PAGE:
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I am currently learning how to program in SQL. I have a table1 that has 'firstname', 'lastname', and 'roomname' and I have another table2 that has all the 'roomnames'. I was wondering how to select 'firstname' and 'lastname' from those people who have been in ALL of the rooms. Do I need a GROUP BY?

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What dialect of SQL are you working with? –  Jamie F Oct 10 '11 at 23:52

3 Answers 3

up vote 3 down vote accepted

For TransactSQL, if you know that every row in your first table is distinct, then this would work:

SELECT
   firstname,
   lastname
FROM
   table1
GROUP BY
   firstname,
   lastname
HAVING
   COUNT(DISTINCT RoomName) = (SELECT COUNT(*) FROM table2)

This should be pretty efficient, but not too flexible, in case you wanted to ignore certain rooms.

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What if names are repeated in table1? –  Y_Y Oct 11 '11 at 0:21
1  
It's fine if names are repeated, as long as they would always have a different room attached. That is, the combination of firstname, lastname and roomname is unique for every row. –  Jamie F Oct 11 '11 at 0:22
    
what if they do have the same room attached? this is basically the problem I am facing right now... –  Y_Y Oct 11 '11 at 1:20
    
I've changed my answer slightly. It should now handle this. But once you are getting entirely duplicate rows, you are in a bad place. Either your tables are structured poorly, or your approach to the problem is wrong (i.e. you are asking the wrong question). –  Jamie F Oct 11 '11 at 1:32

Group by is a command in order to group your results

As I can see you have duplicates in table1: Let's say:

**table1:**
firstname lastname roomname
Theodore  Hello    roomA
Mike      World    roomA
Theodore  Hello    roomB
Theodore  Hello    roomC
NickThe   Greek    roomC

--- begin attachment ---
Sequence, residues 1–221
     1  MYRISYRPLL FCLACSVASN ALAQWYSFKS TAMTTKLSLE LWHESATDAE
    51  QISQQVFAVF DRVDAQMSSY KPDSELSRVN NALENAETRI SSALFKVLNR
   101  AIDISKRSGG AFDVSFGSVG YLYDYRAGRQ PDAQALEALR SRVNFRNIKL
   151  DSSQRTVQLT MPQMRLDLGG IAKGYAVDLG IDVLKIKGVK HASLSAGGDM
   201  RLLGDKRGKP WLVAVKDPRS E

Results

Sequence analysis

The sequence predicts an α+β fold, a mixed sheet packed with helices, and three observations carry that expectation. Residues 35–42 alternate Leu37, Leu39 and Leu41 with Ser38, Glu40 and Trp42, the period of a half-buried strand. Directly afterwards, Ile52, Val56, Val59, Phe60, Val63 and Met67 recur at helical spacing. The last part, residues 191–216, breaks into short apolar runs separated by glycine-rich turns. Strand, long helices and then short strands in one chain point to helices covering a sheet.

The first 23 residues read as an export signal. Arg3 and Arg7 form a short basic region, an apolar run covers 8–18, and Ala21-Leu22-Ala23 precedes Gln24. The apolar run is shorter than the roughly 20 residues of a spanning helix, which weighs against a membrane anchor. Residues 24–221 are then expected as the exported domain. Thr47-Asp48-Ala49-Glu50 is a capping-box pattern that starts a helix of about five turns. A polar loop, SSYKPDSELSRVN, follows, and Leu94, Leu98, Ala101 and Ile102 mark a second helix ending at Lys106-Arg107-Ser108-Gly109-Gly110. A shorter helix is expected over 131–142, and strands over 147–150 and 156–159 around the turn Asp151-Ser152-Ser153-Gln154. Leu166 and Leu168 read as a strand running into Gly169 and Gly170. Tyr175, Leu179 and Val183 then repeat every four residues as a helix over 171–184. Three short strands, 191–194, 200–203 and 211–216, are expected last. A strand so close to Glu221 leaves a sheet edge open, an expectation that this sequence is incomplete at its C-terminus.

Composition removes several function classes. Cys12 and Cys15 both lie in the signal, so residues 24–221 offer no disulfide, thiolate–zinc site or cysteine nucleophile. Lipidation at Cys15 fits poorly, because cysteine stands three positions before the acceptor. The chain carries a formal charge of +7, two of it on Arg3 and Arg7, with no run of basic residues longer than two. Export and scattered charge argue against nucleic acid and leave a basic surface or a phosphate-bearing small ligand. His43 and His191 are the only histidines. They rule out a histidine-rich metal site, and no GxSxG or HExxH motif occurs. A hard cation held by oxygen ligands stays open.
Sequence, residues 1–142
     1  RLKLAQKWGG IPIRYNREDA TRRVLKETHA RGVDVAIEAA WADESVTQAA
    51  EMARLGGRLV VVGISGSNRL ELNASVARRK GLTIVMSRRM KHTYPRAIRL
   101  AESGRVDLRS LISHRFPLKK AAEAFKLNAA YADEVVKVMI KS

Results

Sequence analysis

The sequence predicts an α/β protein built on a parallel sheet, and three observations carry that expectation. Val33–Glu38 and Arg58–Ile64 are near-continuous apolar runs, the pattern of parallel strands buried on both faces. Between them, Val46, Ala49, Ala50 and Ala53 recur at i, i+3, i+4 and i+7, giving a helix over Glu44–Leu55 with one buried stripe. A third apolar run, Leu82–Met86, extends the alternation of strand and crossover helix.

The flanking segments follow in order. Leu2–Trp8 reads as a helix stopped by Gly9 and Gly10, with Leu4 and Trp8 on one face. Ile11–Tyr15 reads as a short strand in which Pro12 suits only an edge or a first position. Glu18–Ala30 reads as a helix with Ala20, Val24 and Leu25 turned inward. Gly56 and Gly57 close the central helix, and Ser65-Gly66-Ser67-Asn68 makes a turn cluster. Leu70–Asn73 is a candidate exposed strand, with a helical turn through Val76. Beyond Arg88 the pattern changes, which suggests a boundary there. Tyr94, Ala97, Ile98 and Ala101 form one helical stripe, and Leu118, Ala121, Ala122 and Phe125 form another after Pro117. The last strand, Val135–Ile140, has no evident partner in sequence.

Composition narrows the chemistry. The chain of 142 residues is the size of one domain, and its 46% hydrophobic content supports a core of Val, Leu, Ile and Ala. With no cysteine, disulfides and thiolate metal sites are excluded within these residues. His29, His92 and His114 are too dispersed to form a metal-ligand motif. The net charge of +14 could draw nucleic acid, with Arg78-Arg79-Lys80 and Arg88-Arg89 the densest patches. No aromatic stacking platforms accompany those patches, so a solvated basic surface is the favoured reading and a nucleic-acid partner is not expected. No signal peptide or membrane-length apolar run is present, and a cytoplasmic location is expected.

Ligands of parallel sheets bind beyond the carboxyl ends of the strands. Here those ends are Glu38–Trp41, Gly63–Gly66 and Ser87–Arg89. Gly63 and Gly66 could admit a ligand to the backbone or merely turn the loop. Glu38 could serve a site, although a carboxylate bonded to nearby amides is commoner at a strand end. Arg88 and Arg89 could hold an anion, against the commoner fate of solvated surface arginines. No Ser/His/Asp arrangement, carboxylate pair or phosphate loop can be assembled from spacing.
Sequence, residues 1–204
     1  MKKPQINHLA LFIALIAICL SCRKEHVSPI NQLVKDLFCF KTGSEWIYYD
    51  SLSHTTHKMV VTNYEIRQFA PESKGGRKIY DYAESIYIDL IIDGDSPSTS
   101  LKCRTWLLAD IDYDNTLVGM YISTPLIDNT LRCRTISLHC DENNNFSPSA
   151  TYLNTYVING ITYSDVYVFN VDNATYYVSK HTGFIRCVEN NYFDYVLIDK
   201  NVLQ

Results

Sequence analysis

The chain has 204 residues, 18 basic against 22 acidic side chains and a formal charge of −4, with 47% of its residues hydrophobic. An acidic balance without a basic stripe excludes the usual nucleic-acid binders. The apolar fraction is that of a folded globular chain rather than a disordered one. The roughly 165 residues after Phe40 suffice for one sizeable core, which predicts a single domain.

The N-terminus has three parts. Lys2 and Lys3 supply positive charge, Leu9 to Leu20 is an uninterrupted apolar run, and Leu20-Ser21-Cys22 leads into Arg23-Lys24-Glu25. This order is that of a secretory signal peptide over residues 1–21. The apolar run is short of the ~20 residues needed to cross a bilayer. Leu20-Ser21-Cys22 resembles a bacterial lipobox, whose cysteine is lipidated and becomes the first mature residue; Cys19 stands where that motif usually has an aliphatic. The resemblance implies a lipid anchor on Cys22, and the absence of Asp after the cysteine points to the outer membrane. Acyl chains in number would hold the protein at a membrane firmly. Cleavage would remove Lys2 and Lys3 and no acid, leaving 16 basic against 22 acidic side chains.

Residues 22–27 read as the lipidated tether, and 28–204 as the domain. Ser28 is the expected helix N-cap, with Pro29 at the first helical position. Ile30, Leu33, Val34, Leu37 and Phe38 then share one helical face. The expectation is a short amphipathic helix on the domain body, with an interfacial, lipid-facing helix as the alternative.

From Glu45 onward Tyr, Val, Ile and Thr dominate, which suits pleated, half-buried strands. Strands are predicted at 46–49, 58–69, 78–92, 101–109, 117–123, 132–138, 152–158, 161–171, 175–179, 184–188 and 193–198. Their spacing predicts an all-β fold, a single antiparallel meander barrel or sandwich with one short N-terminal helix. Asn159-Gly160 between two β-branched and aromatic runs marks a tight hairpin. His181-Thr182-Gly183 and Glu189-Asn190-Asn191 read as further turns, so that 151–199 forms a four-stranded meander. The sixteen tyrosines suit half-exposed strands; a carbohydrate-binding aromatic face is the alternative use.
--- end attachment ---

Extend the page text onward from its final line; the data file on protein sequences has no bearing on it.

And **table2:**
roomname
roomA
roomB
roomC

As you can see Theodore is the one that had passed from all rooms from table2. In common language (a good approach for constructing SQL queries) you would say: Grab the person(s) from table1 who have passed from all the rows of table2:

Take a look at here: Fetching only rows that match all entries in a joined table (SQL)

But as Jamie said this is not a proper sql syntax and way of thinking

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Your data model does not fit your question.
If people can be in multiple rooms you need a 3rd table to implement the n:m relationship like this:
(Tested with PostgreSQL 9.0)

CREATE SCHEMA x;
CREATE TABLE x.person(person_id integer primary key, firstname text, lastname text);
CREATE TABLE x.room(room_id integer primary key, roomname text);
CREATE TABLE x.person_room(person_id integer, room_id integer);

INSERT INTO x.person VALUES(1,'fred', 'foo'), (2,'gert', 'goo'), (3,'harry', 'hoo');
INSERT INTO x.room VALUES(1,'room1'),(2,'room2'), (3,'room3');
INSERT INTO x.person_room VALUES(1,1),(1,2),(1,3),(2,1),(2,2),(3,1);

Your query then can look like this (demonstrating you do not need a GROUP BY):
Edit: even better, without LEFT JOIN, only semi join EXISTS needed. Should be fast, too.

SELECT p.*
  FROM x.person p
 WHERE NOT EXISTS(

   SELECT *
     FROM x.room r
    WHERE NOT EXISTS (

      SELECT *
        FROM x.person_room pr
       WHERE pr.person_id = p.person_id
         AND pr.room_id   = r.room_id));

Output:

 person_id | firstname | lastname
-----------+-----------+----------
         1 | fred      | foo
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